Water and Wetlands

Surface Water Withdrawal Act

In September 2014, on behalf of several riparian property owners, we went to Court to have DHEC's implementation of the Surface Water Withdrawal Act overturned where it allowed industrial farms to withdraw large amounts of water entirely unfettered by a regulating permitting process.
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While other landowners are losing their long standing water rights, industrial agriculture operations have been granted far superior rights with fewer restrictions, despite their use of extreme amounts of water, which all amount to the state permanently transferring public trust resources to private parties.

Surface Water Withdrawal Act
To quote Joseph Sax, a preeminent scholar on the topic, when special interests exert an undue influence on the public resource decisions of legislative and administrative bodies and cause those bodies to ignore broadly based public interests, particularly in our surface waters, the public trust doctrine serves to "promote equality of political power for a disorganized and diffuse majority by remanding appropriate cases to the legislature after public opinion has been aroused."

After initial skirmishes between November 2014 and January 2015, Judge Markely Dennis agreed to hear the case. The Department answered our complaint, defending the constitutionality of the Act and asserting several affirmative defenses, including lack of standing and ripeness. In February 2015, DHEC filed a petition for extraordinary relief including removal and original jurisdiction in the South Carolina Supreme Court. That petition was denied and discovery proceeded thereafter.

On September 14, 2015, the parties filed cross-motions for summary judgment, which were heard on November 17, 2015. On January 4, 2016, Judge Dennis issued an Order denying our motion for summary judgment and granting DHEC’s motion for summary judgment. Our clients did not relent and we appealed the decision. On February 23, 2016, the Appellants served a Notice of Appeal in the Court of Appeals. On March 26, 2016, Appellants filed a Motion to Transfer the case to this Court, which was granted on April 19, 2016.

Upon completion of our appellate briefing on September 27, 2016, the Supreme Court scheduled arguments quickly and we argued the case before the state's highest court on December 1st. On July 19, 2017, the S.C. Supreme Court decided the case in favor of mega-farms. The opinion was controversial, with a 3-2 split among the justices and varying media coverage. The Court said that people who own property on our waterways, and who fish, swim, kayak and recreate on these waterways, did not have the right to bring a challenge to the law which dramatically impacts their property rights and water uses. But the law has broader implications beyond the properties belonging to a handful of individuals.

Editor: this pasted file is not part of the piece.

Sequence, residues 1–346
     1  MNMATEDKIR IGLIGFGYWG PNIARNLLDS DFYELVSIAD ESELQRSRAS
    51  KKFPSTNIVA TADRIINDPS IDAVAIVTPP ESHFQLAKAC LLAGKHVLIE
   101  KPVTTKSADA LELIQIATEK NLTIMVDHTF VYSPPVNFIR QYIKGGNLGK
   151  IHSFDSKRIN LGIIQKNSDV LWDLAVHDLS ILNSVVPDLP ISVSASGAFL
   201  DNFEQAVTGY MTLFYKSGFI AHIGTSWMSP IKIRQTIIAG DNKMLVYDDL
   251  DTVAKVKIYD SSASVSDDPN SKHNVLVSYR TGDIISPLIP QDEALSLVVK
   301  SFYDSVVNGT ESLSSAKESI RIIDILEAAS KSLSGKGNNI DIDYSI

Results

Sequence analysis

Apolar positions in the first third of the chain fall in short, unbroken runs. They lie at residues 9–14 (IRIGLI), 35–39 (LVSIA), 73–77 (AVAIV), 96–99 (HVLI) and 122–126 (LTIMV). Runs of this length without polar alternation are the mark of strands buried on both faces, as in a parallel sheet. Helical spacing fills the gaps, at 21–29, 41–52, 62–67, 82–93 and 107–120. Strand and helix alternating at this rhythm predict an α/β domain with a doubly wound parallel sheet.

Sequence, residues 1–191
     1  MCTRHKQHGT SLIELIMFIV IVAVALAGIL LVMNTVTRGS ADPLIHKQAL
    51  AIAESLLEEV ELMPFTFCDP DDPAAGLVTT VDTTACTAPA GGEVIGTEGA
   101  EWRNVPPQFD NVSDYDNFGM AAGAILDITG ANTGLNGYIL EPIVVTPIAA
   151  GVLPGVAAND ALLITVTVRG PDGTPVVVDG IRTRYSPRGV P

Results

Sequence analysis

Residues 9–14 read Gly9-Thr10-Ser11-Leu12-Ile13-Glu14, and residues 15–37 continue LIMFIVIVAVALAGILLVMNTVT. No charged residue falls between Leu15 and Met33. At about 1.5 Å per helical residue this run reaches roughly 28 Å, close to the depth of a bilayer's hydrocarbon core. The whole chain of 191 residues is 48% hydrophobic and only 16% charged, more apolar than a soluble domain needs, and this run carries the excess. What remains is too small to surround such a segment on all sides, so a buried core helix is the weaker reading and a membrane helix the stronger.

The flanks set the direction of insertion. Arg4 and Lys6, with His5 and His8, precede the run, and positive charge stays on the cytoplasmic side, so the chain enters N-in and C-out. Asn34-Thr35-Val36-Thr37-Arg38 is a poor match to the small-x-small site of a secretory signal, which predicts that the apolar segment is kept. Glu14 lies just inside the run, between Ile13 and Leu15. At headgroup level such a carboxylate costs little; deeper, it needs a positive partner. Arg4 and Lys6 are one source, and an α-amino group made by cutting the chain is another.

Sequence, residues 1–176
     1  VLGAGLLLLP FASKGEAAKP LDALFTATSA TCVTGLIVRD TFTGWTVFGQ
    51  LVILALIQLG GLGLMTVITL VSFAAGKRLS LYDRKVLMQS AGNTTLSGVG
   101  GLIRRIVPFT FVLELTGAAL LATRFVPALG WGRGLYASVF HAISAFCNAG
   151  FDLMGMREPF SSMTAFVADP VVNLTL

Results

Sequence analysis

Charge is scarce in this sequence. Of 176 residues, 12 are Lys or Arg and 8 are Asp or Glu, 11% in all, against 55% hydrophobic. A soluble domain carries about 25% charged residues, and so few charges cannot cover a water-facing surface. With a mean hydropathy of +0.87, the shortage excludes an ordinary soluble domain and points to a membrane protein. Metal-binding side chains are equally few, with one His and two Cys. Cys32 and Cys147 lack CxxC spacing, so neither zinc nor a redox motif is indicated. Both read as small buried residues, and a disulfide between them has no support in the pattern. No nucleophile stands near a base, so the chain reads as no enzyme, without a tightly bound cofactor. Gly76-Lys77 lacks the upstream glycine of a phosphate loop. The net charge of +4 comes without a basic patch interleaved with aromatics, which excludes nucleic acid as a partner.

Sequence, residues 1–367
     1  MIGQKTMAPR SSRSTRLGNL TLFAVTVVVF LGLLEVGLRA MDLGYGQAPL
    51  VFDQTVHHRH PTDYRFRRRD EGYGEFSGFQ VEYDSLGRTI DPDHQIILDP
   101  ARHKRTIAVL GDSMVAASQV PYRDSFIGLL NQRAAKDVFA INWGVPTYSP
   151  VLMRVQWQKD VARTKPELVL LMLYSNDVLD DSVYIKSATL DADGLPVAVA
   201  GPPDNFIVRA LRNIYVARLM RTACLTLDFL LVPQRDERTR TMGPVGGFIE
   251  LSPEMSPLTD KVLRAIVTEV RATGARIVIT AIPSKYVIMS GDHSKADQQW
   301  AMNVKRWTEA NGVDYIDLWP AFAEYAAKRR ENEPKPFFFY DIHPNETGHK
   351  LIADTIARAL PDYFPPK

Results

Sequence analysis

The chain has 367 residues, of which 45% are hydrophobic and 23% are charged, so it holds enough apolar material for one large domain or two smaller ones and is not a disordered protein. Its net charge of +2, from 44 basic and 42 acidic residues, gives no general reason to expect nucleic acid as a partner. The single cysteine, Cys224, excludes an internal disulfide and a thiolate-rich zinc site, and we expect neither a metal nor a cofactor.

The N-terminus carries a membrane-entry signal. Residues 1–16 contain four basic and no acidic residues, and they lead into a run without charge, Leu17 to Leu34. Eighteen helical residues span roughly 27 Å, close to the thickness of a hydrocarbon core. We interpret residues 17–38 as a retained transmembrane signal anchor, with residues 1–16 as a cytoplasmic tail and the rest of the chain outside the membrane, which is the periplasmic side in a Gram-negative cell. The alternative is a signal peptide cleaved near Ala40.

The Court failed to apply the basic tenets of the public trust doctrine, thus failing to protect the public's interest in use of our surface waters.

The registration process of this law permanently grants massive amounts of water to large agricultural users without regard to public rights in the use of these waters. The dissenting Justices recognized the public trust give-away.

On August 3rd, in an effort to highlight the public importance of this case, SCELP filed a petition for rehearing on the narrow issue of the public trust doctrine. Our claim is that the state has a special obligation to protect the rivers, lakes and streams for the use and benefit of all South Carolinians -- a rule of law that the majority of the Supreme Court failed to implement.

On September 28th, 2018, the Supreme Court granted our petition for rehearing.

Case Update

The Supreme Court heard oral arguments on January 11, 2018 in Columbia, and the Justices asked many good questions. Unfortunately, on May 30, 2018, the court issued a 3-2 Opinion affirming the lower court's ruling that the Plaintiffs did not present a case that was "justiciable," or capable of being decided by the court, and also that the Plaintiffs did not have standing.

Rather than determining whether the state has permanently disposed of (and thus lost control over) public trust waters, as directed by the U.S. Supreme Court, the majority opinion applies a different test of whether surface waters are endangered by any specific water withdrawal. The majority also misapplies the test for public importance standing, instead commingling it with constitutional standing which requires an "injury-in-fact." These legal gymnastics avoid the central legal questions, which are poignantly addressed in the minority opinion.

Ultimately, in deciding that no justiciable controversy exists, the majority of Supreme Court Justices punted the question of whether the constitution allows the state to give away the public's water to industrial agricultural users in perpetuity.

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